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Energy & Environment


Environmental Legislation Concerning Fertiliser Industry

       Although provisions for environmental regulation and legal action have existed in India for some time in the form of the Factories Act and the Indian Forests Act, rapid industrialization and urbanization found these Acts to be inadequate.  It was, therefore, necessary to have a uniform national law covering broad environmental problems endangering the health and safety of people as well as the protection of flora and fauna.  Consequently, India, which participated in the 1972 United Nations’ Stockholm Conference on Human Environment, decided to implement the decisions of the Conference related to pollution, preservation, and protection of the environment. 

Pollution control to preserve the environment is universally practiced mainly through the development of environmental protection standards, their implementation, and taking legal action against violators.  The environmental protection standards are essential to ensure that the pollutants discharged from the industry into the environment are within the capacity of the environment to assimilate them through natural purification processes. 

In India, the first organization that attended to the need for developing and promoting standards for environmental protection was the Bureau of Indian Standards (BIS).  The BIS laid down environmental protection (EP) standards even before any legislation in this regard was conceived.  However, the BIS standards are only recommendations and are not legally binding. 

The first legislation came into existence in 1974 specifically to protect the water component of the environment.  This legislation, referred to as the Water (Pollution Prevention and Control) Act, was followed in 1981 by the Air (Pollution Prevention and Control) Act.  The Environment (Protection) Act of 1986, an umbrella Act covers all facets of the environment, which the Public Liability Insurance Act of 1991 has been designed to provide immediate relief to the person(s) affected by accidents occurring while handling hazardous substances.  A discussion of these Acts follows.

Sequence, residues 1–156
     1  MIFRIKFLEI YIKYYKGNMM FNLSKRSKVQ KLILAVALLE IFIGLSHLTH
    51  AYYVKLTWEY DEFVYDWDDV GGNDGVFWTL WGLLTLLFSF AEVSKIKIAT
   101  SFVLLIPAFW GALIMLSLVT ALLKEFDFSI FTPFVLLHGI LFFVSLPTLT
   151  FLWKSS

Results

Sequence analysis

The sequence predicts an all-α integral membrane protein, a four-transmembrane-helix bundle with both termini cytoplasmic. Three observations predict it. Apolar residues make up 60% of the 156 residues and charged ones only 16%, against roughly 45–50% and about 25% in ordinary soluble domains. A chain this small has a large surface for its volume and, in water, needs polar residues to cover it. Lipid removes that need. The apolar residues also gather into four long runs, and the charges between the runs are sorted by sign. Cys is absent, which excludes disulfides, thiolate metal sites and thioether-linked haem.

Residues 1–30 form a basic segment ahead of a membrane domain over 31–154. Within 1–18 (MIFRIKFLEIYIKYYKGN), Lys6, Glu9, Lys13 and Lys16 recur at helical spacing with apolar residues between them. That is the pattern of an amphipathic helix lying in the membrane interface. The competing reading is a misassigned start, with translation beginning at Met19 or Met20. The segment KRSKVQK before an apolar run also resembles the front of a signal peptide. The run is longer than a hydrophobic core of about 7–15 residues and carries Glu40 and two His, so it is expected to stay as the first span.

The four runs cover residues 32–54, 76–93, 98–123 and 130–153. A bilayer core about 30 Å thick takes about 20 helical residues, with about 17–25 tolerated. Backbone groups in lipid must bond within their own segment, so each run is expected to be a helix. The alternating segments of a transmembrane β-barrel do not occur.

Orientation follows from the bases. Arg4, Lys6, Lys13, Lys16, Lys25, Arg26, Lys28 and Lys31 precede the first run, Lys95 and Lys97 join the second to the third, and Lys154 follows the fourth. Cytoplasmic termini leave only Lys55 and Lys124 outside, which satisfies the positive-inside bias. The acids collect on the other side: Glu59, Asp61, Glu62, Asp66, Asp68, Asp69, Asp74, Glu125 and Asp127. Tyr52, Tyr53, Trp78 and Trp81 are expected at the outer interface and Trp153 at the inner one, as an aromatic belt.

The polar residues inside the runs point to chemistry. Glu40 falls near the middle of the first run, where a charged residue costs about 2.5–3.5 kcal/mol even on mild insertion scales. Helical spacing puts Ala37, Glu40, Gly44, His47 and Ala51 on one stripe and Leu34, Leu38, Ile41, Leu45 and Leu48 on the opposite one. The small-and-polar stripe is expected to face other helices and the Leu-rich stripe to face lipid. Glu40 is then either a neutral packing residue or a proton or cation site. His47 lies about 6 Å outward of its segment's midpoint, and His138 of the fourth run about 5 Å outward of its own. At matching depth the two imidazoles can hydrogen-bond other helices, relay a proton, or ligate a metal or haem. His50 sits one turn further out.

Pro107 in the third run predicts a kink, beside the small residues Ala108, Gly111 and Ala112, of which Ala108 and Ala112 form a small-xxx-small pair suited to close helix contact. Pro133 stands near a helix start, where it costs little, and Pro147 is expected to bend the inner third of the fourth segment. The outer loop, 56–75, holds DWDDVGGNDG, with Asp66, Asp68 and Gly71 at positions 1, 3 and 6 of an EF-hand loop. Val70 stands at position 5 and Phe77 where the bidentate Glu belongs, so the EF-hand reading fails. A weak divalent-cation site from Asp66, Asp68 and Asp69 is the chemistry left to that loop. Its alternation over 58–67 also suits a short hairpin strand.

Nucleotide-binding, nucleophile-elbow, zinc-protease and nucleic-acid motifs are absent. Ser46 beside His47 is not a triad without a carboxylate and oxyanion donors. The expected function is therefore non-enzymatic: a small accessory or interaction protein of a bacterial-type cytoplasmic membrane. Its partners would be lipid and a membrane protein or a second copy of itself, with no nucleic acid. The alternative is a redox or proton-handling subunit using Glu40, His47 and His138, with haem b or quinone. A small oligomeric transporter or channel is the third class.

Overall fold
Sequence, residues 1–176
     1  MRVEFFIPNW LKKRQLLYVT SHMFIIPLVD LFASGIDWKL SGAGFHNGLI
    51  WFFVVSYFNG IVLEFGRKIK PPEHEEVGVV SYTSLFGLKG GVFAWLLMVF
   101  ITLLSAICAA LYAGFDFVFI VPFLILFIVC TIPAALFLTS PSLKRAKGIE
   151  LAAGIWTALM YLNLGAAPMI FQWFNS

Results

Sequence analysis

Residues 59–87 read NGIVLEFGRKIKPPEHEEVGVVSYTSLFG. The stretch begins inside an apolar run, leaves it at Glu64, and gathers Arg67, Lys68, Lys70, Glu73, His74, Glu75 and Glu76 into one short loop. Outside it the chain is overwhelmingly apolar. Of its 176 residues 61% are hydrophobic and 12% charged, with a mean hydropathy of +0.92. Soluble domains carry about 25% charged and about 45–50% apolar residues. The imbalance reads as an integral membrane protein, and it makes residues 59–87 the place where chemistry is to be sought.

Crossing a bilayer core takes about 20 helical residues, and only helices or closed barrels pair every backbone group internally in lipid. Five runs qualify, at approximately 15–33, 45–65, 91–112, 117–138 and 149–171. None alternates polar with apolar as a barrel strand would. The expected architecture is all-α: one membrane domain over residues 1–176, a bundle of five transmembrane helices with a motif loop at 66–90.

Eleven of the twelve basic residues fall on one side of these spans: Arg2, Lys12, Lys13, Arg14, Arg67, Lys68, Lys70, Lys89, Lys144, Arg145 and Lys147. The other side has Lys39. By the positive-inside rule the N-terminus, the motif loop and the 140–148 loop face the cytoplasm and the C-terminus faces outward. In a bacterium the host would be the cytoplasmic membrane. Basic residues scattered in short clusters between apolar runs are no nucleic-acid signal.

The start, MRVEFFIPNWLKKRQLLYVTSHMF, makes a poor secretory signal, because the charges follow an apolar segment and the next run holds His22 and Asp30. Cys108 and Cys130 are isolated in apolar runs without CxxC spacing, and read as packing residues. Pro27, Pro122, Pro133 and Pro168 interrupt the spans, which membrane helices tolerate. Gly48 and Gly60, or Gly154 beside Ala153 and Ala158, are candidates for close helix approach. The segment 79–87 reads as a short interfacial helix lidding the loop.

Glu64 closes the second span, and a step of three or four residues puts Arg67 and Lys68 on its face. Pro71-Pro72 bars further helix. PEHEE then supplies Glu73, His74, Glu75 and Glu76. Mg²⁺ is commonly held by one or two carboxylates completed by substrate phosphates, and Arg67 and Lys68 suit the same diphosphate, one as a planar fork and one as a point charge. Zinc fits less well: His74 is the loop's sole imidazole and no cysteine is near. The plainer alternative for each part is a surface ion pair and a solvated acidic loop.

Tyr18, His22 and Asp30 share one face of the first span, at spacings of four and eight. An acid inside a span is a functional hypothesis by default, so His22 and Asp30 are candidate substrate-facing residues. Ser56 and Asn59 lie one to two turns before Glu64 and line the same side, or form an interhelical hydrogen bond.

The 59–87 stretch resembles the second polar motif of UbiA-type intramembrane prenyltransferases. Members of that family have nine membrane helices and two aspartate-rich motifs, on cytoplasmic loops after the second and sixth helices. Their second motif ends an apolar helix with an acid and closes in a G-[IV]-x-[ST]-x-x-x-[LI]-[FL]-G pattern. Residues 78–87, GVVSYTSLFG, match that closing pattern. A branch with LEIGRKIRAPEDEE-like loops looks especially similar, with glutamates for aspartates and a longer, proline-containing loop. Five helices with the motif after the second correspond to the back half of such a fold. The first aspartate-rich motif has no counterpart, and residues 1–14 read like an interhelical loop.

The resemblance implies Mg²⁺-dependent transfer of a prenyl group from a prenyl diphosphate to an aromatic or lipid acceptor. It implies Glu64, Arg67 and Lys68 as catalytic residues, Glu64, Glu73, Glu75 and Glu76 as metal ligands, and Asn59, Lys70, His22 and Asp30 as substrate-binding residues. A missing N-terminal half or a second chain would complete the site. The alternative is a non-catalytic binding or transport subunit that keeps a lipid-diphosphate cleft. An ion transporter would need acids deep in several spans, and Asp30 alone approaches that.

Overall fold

1. The Water (Pollution Prevention and Control) Act, 1974
  2. Air (Pollution Prevention and Control) Act, 1981
  3. The Environment (Protection) Act, 1986
  4. Notification of Rules Under the Environment (Protection) Act, 1986
    4.a. The Environment (Protection) Rules, 1986 and Subsequent Amendments
      4.a.i. Environmental Protection Standards for Nitrogen Fertiliser Plants
      4.a.ii Environmental Protection Standards for Phosphate Fertiliser Plants
      4.a.iii Ambient Noise Standard for Different Areas
      4.a.iv. National Ambient Air Quality Standards
      4.a.v. Ambient Air Quality Standard for Ammonia
    4.b. Hazardous Waste (Management and Handling) Rules, 1989
    4.c. Manufacture , Storage and Import of Hazardous Chemicals Rules, 1989
      4.c.i. Wastewater Generation Standards for the Indian Fertiliser Industry
    4.d. The Environment (Protection) Second Amendment Rules, 1992-Environmental Audit
    4.e. Notification on Environmental Clearance, 1994
    4.f. Public Liability Insurance Act, 1991, As Amended
    4.g. Chemical Accidents (Emergency Planning , Preparedness and Response) Rules, 1996
    4.h. The Environment (Protection)  (Second Amendment) Rules, 1998
      4.h.i. Emission Standard  for Gas based Power Station
    4.i. Direction Issued by Government Of India in Respect of Fly Ash
  5. Environmental Policy Statements by the Government Of India
    5.a. Policy Statement for Siting of Industry, 1980
  6. Other Environmental Acts and Ordinances
    6.a. The National Environment Tribunal Act, 1995
    6.b. The National Environment Appellate Authority Ordinance, 1997
    6.c. ISO 14000 (Environmental Management System)
  7. Environmental Regulation Expected in the Future
    7.a. The Prevention and Control of Pollution (Uniform Consent Procedure) Rules, 1999
    7.b. Market based instruments for Industrial Pollution Abatement